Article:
The California Independent System Operator (ISO) tonight issued the following announcement that no rotating power outages are anticipated, thanks to reduced demand due
to consumer conservation and cooler than expected weather.
The grid operator earlier declared a Stage 2 Emergency, and had expected to have to
order load shed to take the strain off the grid. Demand, however, came in lower than
forecast. The Stage 2 Emergency was cancelled at 7:30 p.m.
“We are grateful to families and businesses across the state that answered the call to
reduce electricity use during a crucial time on the grid,” said Steve Berberich, ISO
president and CEO. “This heat storm is not over, and we still expect exceedingly hot
temperatures tomorrow and Wednesday. With continued help from California residents
in conserving energy, much like today, we can reduce the risk of power outages.
“Our grid operators and all the ISO staff have been doing everything they can to find
energy to cover demand during this heat wave and to keep the system balanced during
an extreme heat wave,” Berberich said. “We urge consumers to continue to help us in
California’s record-breaking heat wave has put extraordinary strain on the ISO electric
system, as air conditioners are working harder and longer to keep spaces cool during
the high temperatures.
In an effort to prevent or limit power outages during this heat wave, the ISO issued a
statewide Flex Alert, a call for voluntary electricity conservation, through Wednesday.
The Flex Alerts are in effect from 3 p.m. to 10 p.m. each day. Because of high heat and
limited energy supplies, rotating power outages still are likely over the next two days.
Buckling under a record breaking heat wave, The California Independent System Operator (Cal ISO) warned Monday afternoon that more rolling blackouts would likely plunge California into darkness over the next three days. The new round of power outages were forecast to begin Monday afternoon as Cal ISO said the power demand will outstrip supply by 4,400 megawatts.
The alert came less than an hour after Governor Gavin Newsom urged Californians to cut back on power usage during the electricity strain which caused hundreds of thousands of the state’s residents to lose electricity Friday and Saturday evenings. The Governor signed an emergency proclamation Monday that frees up some power reserves.
Cal ISO Chair Steve Berberich earlier Monday said, “It is near certain” that utilities will have to cut off power to “millions” of people this week. But as of Monday night, the outages had been averted.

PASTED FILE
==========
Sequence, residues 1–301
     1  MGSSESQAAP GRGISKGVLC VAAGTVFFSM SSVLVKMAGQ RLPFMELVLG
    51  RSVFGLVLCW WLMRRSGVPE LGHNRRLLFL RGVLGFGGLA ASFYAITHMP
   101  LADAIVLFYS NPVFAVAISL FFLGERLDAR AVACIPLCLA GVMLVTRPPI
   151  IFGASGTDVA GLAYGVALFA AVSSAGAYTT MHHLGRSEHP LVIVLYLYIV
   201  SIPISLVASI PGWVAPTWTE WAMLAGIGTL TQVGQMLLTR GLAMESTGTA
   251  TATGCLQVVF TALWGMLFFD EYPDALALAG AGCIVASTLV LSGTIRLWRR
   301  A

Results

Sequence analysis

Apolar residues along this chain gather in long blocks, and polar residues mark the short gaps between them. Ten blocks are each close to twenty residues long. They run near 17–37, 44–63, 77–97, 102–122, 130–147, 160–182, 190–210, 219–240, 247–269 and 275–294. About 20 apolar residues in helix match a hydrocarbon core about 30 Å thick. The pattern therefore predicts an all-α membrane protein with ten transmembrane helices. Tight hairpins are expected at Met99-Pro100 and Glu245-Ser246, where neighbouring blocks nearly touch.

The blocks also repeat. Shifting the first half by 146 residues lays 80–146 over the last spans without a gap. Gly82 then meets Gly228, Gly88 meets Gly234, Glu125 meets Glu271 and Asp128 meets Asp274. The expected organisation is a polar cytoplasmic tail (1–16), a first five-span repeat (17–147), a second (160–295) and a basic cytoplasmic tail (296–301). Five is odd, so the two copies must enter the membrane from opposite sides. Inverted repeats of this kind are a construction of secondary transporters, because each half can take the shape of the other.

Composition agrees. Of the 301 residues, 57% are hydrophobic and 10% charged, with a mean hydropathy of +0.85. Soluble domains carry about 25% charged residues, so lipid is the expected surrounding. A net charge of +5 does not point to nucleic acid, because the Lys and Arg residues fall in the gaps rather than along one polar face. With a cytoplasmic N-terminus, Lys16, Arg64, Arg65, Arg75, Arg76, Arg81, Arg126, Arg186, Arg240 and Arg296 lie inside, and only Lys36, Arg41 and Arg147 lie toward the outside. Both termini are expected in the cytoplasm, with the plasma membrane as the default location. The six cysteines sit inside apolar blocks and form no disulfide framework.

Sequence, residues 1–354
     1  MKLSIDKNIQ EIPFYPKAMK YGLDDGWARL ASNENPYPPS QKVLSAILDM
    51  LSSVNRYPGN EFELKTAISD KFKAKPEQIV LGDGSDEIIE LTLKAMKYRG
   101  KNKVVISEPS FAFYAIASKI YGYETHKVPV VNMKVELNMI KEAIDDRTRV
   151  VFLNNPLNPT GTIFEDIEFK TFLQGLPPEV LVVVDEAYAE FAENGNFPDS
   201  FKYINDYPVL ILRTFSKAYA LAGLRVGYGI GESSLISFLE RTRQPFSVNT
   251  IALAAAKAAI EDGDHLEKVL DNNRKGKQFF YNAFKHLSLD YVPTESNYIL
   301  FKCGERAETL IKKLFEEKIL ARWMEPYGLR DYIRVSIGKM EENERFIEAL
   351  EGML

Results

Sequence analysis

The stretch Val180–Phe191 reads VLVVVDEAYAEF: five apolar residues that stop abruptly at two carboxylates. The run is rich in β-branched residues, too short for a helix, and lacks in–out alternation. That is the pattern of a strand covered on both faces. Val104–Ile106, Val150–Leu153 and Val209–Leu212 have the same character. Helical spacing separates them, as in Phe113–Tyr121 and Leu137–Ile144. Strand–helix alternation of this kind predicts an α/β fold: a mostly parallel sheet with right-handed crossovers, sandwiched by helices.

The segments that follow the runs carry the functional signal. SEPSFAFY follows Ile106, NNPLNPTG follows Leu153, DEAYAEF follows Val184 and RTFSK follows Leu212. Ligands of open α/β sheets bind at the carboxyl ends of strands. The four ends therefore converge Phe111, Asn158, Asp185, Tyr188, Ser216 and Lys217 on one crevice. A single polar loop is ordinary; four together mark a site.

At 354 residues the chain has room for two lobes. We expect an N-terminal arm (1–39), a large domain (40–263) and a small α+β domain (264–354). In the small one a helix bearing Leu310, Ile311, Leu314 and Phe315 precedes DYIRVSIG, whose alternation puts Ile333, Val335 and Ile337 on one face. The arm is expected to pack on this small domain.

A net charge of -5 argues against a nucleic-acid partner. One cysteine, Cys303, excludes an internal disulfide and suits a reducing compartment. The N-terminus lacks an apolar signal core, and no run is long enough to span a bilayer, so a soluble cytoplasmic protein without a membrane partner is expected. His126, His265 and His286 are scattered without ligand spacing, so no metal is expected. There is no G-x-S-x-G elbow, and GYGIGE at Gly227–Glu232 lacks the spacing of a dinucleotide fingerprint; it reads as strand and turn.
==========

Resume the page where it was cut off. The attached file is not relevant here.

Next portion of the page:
The #ISO is currently in Stage 2 emergency, with no load shedding ordered. Power outages of up to 1,500 MW anticipated between 6 and 7 p.m. Stay up-to-date by following us on Twitter. Keep up the conservation. #FlexAlert
— California ISO (@California_ISO) August 18, 2020
Shortly before 2:00PM Monday, PG&E began sending automated phone messages to thousands of its customers in northern and central California advising them to prepare for blackouts between 3:00PM and 10:00PM. PG&E said the outages could last between one and two hours.
Southern California Edison which cut power to scattered parts of the southland during the weekend is asking customers to reduce air conditioning use and refrain from using non-essential appliances during the hours of 3:00PM to 10:00PM. On its website, Edison said the utility had been informed by Cal ISO that there would be an “electricity deficiency” and there simply would not be enough electricity available, resulting in forced blackouts.
It has been nearly 20 years since California experienced the type of power shortages it is now encountering. Governor Newsom is calling for an investigation into what happened and why. In a letter, Newsom stated, “These blackouts, which occurred without prior warning or enough time for preparation, are unacceptable and unbefitting of the nation’s largest and most innovative state. Residents, communities and other governmental organizations did not receive sufficient warning that these de-energizations could occur. Collectively, energy regulators failed to anticipate this event and to take necessary actions to ensure reliable power to Californians. This cannot stand. California residents and businesses deserve better from their government.”
Some businesses have been asked to close early and the California DMV announced it will close all offices statewide at 3:00PM through Wednesday to reduce power consumption.